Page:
Substance Abuse Medical Record Privacy Rules Updated For The First Time in Nearly 30 Years
Originally scheduled to be effective February 17, 2017, SAMSHA announced on February 16, 2017, that the revised rules will now be effective March 21, 2017, pursuant to the terms of the regulatory freeze issued by the Trump administration on January 20, 2017. Substance use disorder treatment providers and other lawful holders of protected information should take the opportunity offered by the regulatory freeze to ensure their policies and procedures on patient confidentiality, consent documents, and re-disclosure statements are in compliance with the new requirements before they become effective.
The Part 2 Regulations apply to federally assisted drug or alcohol abuse programs (as defined by the regulations) (each a Part 2 Program). In addition, under the revised rules, the Part 2 Regulations now also cover disclosures from “other lawful holders of patient identifying information,” which are entities that have received such information via a Part 2-compliant consent or through an exception to the Part 2 consent requirements. The regulations are meant to ensure confidentiality for patients receiving treatment for a substance use disorder, out of concern that inappropriate disclosures of these patient records could result in a host of negative consequences, such as loss of employment, loss of housing, loss of child custody, discrimination by medical professionals and insurers, arrest, and incarceration. As noted by SAMSHA, the revised regulations are designed to address the significant changes that have occurred in the U.S. health care system since the rules were last updated in 1987, such as new models of integrated care requiring information sharing for coordination of patient care, the use of electronic medical record systems, and a new focus on performance measurement within health systems.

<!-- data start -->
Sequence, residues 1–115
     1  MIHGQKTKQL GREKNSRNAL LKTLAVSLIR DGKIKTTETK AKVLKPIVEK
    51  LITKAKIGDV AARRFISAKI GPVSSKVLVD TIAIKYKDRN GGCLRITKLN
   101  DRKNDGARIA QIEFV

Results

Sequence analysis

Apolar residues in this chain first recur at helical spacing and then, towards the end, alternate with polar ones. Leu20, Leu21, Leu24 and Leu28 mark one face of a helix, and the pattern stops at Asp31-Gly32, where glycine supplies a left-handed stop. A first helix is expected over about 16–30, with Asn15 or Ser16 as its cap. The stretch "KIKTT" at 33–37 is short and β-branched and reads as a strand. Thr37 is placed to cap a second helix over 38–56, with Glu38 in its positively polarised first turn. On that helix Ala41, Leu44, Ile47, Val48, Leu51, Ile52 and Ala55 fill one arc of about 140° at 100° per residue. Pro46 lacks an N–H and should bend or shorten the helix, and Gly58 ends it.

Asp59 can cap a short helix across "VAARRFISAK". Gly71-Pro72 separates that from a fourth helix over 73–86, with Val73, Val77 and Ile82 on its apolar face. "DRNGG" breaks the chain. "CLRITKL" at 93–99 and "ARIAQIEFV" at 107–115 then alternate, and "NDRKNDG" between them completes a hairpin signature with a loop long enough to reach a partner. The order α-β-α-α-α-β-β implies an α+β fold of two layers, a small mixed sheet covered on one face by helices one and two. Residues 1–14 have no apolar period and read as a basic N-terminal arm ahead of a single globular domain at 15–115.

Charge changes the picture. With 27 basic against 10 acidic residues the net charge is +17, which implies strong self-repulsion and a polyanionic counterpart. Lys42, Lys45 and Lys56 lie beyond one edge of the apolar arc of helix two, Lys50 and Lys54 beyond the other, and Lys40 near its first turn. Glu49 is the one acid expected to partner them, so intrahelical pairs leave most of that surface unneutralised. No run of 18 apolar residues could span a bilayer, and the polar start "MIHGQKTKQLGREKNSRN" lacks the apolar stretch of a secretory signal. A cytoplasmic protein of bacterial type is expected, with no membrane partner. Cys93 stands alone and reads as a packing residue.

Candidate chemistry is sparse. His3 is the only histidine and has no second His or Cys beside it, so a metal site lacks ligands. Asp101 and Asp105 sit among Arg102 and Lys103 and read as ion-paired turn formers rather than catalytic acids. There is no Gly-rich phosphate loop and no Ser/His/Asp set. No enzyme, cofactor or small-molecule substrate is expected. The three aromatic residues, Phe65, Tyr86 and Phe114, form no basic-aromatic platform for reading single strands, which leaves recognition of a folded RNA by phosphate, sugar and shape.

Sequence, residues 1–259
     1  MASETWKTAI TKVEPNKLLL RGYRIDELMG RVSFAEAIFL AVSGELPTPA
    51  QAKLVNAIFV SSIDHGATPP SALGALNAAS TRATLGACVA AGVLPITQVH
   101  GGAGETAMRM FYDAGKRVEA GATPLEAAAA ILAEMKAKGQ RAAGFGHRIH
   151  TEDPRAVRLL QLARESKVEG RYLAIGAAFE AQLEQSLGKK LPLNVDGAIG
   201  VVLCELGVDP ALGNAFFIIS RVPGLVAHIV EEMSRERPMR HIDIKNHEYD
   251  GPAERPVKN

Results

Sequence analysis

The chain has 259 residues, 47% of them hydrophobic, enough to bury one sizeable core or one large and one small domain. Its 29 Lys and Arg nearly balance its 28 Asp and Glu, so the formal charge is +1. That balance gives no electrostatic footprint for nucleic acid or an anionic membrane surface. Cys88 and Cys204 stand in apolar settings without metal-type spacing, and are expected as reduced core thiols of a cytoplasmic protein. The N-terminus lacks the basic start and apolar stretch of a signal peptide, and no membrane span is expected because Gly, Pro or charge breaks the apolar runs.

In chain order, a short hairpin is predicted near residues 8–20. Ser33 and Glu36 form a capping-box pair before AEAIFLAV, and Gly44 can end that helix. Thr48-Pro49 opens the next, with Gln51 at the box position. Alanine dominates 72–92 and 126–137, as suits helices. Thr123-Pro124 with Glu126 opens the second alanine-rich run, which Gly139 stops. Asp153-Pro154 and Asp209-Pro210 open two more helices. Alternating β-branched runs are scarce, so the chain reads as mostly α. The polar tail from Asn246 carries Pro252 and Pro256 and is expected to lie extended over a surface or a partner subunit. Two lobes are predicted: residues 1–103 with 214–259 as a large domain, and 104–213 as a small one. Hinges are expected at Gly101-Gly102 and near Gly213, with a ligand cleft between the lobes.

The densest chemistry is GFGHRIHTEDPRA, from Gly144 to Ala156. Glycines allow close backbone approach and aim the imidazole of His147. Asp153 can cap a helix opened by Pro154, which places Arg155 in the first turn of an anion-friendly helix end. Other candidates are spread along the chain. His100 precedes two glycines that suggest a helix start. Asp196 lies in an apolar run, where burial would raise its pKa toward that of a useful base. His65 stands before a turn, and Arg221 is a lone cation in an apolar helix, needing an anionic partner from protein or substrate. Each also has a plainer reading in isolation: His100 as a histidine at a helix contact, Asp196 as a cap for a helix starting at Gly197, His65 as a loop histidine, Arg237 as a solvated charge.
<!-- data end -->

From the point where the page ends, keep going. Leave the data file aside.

SAMSHA published the proposed revisions to the Part 2 Regulations on February 9, 2016. In our blog post analyzing the proposed revisions, we summarize the major provisions and the requirements affecting covered programs and others affected by the changes.
Changes from the Proposed Rule
The final rule largely adopts the regulations as proposed in the February 2016 proposed rule. Notably, SAMSHA chose not to finalize its proposal to add “general medical practices” to the definition of Part 2 Programs under certain conditions. SAMHSA also decided not to finalize its proposal to eliminate the general designation option for the “From Whom” section of the consent requirements. Thus, the final “From Whom” provision of the consent requirements can still be met by including a general designation of the Part 2 programs, entities, or individuals permitted to make the disclosure on the written consent form.
As mentioned above, the regulatory freeze provides those affected by SAMSHA’s final rule the unintended benefit of extra time to ensure compliance with the new requirements. Affected entities should revise consent forms as necessary, develop a process to track disclosures made pursuant to patient request, and implement security measures that comply with SAMHSA’s requirements.
Arent Fox attorneys regularly assist clients with implementing and strengthening their policies and procedures to protect sensitive health information, including substance abuse disorder treatment information.